14. Faria NR, Rambaut A, Suchard MA, Baele G, Bedford T, Ward MJ, Tatem AJ, Sousa JD, Arinaminpathy N, Pépin J, Posada D (2014) The early spread and epidemic ignition of HIV-1 in human populations. Science 346(6205):56–61CrossRefGoogle Scholar
  15. Fink, Gunther and Sebastian Linnemayr. 2009. HIV does matter for fertility: human capital, mortality and family size. Harvard University working paperGoogle Scholar
  16. Fortson J (2008) The gradient in sub-Saharan Africa: socioeconomic status and HIV/AIDS. Demography 45(2):303–322CrossRefGoogle Scholar
  17. Fortson J (2009) HIV/AIDS and fertility. Am Econ J: Appl Econ 1(3):170–194Google Scholar
  18. Gray RH, Wawer MJ, Serwadda D (1998) Population-based study of fertility of women with HIV-1 infection in Uganda. Lancet 351(9096):98–103CrossRefGoogle Scholar
  19. Juhn C, Kalemli-Ozcan S, Turan B (2012) HIV and fertility in Africa: first evidence from population-based surveys. J Popul Econ 26(3):835–853CrossRefGoogle Scholar
  20. Kalemli-Ozcan S (2012) AIDS, “reversal” of the demographic transition and economic development: evidence from Africa. J Popul Econ 25(3):871–897CrossRefGoogle Scholar
  21. Kalemli-Ozcan S, Turan B (2011) HIV and fertility revisited. J Dev Econ 96(1):61–65CrossRefGoogle Scholar
  22. Karlsson M, Pichler S (2015) Demographic consequences of HIV. J Popul Econ 28(4):1097–1135CrossRefGoogle Scholar
  23. Lam D (2011) How the world survived the population bomb: lessons from 50 years of extraordinary demographic history. Demography 48(4):1231–1262CrossRefGoogle Scholar
  24. Lloyd CB, Kaufman CE, Hewett P (2000) Implications for fertility change of the spread of primary schooling in sub-Saharan Africa. Popul Dev Rev 26(3):483–515CrossRefGoogle Scholar
  25. Lucas A (2013) The impact of malaria eradication on fertility. Econ Dev Cult Chang 61(3):607–631CrossRefGoogle Scholar
  26. Malthus T (1798) An essay on the principle of population. J. Johnson, St. Paul's Churchyard, EnglandGoogle Scholar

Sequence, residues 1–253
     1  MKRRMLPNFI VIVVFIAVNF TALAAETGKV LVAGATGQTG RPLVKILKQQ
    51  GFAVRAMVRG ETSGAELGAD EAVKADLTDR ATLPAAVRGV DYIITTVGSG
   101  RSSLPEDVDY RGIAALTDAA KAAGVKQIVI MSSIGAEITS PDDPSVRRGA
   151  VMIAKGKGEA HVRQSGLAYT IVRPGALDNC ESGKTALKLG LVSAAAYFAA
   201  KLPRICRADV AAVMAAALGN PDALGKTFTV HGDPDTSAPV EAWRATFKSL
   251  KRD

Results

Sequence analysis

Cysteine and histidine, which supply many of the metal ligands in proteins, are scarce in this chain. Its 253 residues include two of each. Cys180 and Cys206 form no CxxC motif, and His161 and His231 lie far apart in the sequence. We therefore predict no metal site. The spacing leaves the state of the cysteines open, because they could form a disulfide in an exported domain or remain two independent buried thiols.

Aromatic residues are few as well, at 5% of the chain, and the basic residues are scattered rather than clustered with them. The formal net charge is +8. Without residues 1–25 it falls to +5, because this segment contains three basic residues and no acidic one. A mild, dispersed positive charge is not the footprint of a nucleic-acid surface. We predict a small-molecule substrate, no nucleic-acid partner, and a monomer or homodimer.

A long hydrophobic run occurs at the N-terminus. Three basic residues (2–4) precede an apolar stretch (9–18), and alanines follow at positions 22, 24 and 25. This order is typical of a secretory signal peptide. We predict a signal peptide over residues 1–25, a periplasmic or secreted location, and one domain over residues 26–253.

27. McCord G, Conley D, Sachs JD (2017) Malaria ecology, child mortality & fertility. Econ Hum Biol 24:1–17CrossRefGoogle Scholar
  28. Ministry of Defence (Navy) (1987) Admiralty of manual of navigation, volume 1: general navigation, coastal navigation and pilotage. In: Volume 45 of BR series. The Stationary Office, EnglandGoogle Scholar
  29. Osili UO, Long BT (2008) Does female schooling reduce fertility? Evidence from Nigeria. J Dev Econ 87(1):57–75CrossRefGoogle Scholar
  30. Oster E (2012a) HIV and sexual behavior change: why not Africa? J Health Econ 31:35–49CrossRefGoogle Scholar
  31. Oster E (2012b) Routes of infection: exports and HIV incidence in sub-Saharan Africa. J Eur Econ Assoc 10(5):1025–1058CrossRefGoogle Scholar
  32. United Nations. 2017. World population prospects: the 2017 revision. Department of Economic and Social Affairs, Population Division https://esaunorg/unpd/wpp/DataQuery/ Accessed June 26, 2017
  33. WHO (2011) Causes of death summary tables. Health statistics and informatics department. World Health Organization, SwitzerlandGoogle Scholar
  34. Young A (2005) The gift of the dying: the tragedy of AIDS and the welfare of future African generations. Q J Econ 120(2):423–466Google Scholar
  35. Young A (2007) In sorrow to bring forth children. J Econ Growth 12:283–327CrossRefGoogle Scholar

Copyright information

© US Government (outside the USA) 2017

Authors and Affiliations

  1. 1.Department of EconomicsBaylor UniversityWacoUSA
  2. 2.White House Social and Behavioral Sciences Team and Department of EconomicsReed CollegePortlandUSA

Personalised recommendations